Brides began to receive betrothal rings in the Renaissance and men seem at times to have worn engagement rings on cords around their necks. Rings were worn in great abundance; sometimes women wore up to three rings on one finger, even over the knuckles or through slits in gloves. Most rings were set with only one stone, which was frequently a ruby
. Rings were also sometimes given by religious leaders to pilgrims. Such rings were not usually valuable, and were made of copper or bronze set with semiprecious stones, but they were carved with symbols relevant to their function and were sometimes rather large.
Renaissance goldsmiths practiced all known techniques: hammering, chasing, casting and enameling. They practiced them all exquisitely, taking lessons from Gothic and ancient traditions, taking advantage of the wealth and capriciousness of noble clients to make pieces with astonishing variety. Color was a major part of Renaissance jewelry. Bright colored gems were placed side by side in delicately worked gold often enriched with many colored enamels. Sapphires, rubies and emeralds
were popular choices for their hues, and diamonds were used only as contrast. A typical process of setting stones was to rub the upper edges of a box-shaped collet over the setting edge of the stone, a method that set the color of the stone off of the gold nicely and which is somewhat replicated in modern times by flush or bezel settings. The frame of a Renaissance setting was irregular, however, because of the particular manner in which the goldsmith beat the gold up around the gem.
The Renaissance evolved from the fourteenth through the sixteenth centuries, and styles changed dramatically during these three hundred years. From Piero della Francesca’s paintings we glean many examples of one of the most popular styles of the fifteenth century: a head ornament that emphasizes the forehead by placing a single jewel at the top of the brow set into a ribbon or galloon. These head ornaments were known as ferronnieres. By the sixteenth century, these head ornaments disappeared and instead coiffures were adorned with ropes of pearls and sprinklings of jewels. Neck adornments evolved similarly: in the fifteenth century, we see single gems or small clusters hanging on a thread, but by the sixteenth century, the thread became a solid chain, and the light necklace became quite heavy.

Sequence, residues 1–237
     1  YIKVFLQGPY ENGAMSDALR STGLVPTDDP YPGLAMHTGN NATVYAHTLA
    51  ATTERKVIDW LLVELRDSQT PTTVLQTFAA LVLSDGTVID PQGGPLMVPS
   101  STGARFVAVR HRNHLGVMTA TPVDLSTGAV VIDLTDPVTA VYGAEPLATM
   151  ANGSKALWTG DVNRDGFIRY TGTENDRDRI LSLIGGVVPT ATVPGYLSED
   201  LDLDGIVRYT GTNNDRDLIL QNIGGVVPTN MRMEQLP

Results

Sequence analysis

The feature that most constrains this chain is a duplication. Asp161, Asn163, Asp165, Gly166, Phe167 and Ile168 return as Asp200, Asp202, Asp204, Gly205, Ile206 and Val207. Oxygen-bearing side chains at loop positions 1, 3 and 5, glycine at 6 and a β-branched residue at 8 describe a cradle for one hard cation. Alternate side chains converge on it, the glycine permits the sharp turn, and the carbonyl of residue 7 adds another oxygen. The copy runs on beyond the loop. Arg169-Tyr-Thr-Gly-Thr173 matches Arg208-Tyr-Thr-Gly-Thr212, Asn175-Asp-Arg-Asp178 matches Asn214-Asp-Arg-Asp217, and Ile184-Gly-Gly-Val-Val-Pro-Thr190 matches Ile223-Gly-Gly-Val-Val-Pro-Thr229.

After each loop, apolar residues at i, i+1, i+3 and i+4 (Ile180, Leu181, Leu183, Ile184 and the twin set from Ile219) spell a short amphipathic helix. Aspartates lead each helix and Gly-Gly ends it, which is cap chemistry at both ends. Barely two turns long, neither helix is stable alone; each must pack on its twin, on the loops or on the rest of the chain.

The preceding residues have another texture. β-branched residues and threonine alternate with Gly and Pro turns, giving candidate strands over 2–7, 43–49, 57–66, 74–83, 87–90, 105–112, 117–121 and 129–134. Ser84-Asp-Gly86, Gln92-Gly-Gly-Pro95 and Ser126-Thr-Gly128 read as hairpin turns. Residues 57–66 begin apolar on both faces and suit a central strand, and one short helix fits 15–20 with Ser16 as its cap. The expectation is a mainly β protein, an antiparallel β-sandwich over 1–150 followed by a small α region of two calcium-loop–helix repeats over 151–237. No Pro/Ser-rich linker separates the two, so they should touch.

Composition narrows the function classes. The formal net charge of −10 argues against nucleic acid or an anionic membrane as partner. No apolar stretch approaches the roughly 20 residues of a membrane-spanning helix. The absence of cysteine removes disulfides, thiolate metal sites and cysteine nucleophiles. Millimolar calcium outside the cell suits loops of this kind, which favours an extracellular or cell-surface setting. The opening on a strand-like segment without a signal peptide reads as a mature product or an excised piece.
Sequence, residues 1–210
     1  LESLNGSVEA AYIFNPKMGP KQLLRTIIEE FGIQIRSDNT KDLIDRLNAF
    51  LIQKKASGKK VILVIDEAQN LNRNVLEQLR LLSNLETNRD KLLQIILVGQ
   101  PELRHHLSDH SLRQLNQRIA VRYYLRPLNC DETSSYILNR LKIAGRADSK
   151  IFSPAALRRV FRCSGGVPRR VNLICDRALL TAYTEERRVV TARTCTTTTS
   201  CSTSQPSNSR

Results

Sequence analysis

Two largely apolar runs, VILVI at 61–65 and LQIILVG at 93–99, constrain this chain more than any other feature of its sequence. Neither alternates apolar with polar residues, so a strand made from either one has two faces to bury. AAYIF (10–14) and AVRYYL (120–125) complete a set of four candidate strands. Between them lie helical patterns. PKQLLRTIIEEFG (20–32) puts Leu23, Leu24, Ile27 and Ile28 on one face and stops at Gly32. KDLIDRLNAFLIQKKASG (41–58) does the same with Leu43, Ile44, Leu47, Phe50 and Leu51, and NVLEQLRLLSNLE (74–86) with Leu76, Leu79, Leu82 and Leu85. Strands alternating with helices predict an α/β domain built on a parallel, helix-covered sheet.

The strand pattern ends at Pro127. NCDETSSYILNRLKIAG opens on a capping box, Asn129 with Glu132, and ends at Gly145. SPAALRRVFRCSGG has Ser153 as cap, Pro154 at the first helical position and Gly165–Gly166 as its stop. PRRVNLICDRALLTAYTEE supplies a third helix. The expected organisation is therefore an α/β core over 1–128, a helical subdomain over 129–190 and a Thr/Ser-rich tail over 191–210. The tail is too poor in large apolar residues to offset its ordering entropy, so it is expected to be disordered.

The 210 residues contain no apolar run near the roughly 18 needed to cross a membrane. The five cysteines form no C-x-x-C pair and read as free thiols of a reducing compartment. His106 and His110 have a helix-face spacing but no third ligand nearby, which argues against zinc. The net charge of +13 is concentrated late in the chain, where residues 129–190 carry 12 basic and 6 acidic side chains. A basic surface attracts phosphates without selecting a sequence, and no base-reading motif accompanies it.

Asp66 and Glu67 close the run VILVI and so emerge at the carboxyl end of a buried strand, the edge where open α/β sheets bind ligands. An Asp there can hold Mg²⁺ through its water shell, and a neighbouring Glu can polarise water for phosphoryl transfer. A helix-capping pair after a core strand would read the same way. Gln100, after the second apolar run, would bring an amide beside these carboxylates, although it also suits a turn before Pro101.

Women wore hairpins – often called bodkins – that were richly decorated with stones. Queen Elizabeth received several such ornaments as New Year’s gifts: “A bodkyn of golde, garnished at the ende with four smale diamondes and a smale rubye, with a crown of ophales, and a very smale perle pendant peare fashone… a bodkin of golde, with a flower thearat, garnished with smale rubyes and ophals on one side,… a bodkinne of silver, with a little ostridg of gold, pendant, enammuled, and two waspes of golde lose enamuled.”
Women also began to wear earrings in the Renaissance. In the Middle Ages, women wore their hair over their ears, which meant that they did not wear earrings, but by the sixteenth century, Italian paintings show that some women did sport this form of adornment. One example is a set of elaborate earrings rendered in an openwork scroll pattern with three pendant pearls, measuring more than two and a half inches in length. A painting from sixteenth century Italy
shows an ear pierced twice, each of which piercing is strung with a separate ring that is bound to the same pendant of two pearls mounted in gold, from which pendant three pearls hang below. This is an example of the sort of wonderful ostentation that the Renaissance begat in terms of personal adornment, but was by no means a common style. Men wore earrings in the Renaissance as well: King Charles I hung a large pearl
from his left ear, which he wore all the way to the scaffold from which he was hung, at which point he took the pearl from his ear and gifted it to a faithful follower. The King’s pearl was five-eighths of an inch long, mounted to a gold top, fitted with a hook to pass through the lobe.
Bracelets were one of the least popular decorations during the Renaissance, and that is because garments worn at the time were still in general long-sleeved. Those bracelets that have been found from the period consist of beads of amber
or black stone separated by balls of gold. Sometimes strings of carved cameo
portraits were made into bracelets. Poetry from the period suggests that bracelets were sometimes given as tokens of affection, made from everything from a lover’s hair to the more conventional band of gemstones.
The Renaissance was a time during which all the countries of Europe engaged in much geographical exploration, and the countries traded styles of fashion and jewelry as much as other products. Germans, for example, studied in the great Italian ateliers, and artists such as Albert Durer were greatly influenced by such teachings. Traveling north from Italy
in the early Renaissance, classicism became less and less important, and styles became more and more mixed, including straps, ribbons, cartouches, and elaborate details not popular in Italy until the Baroque period.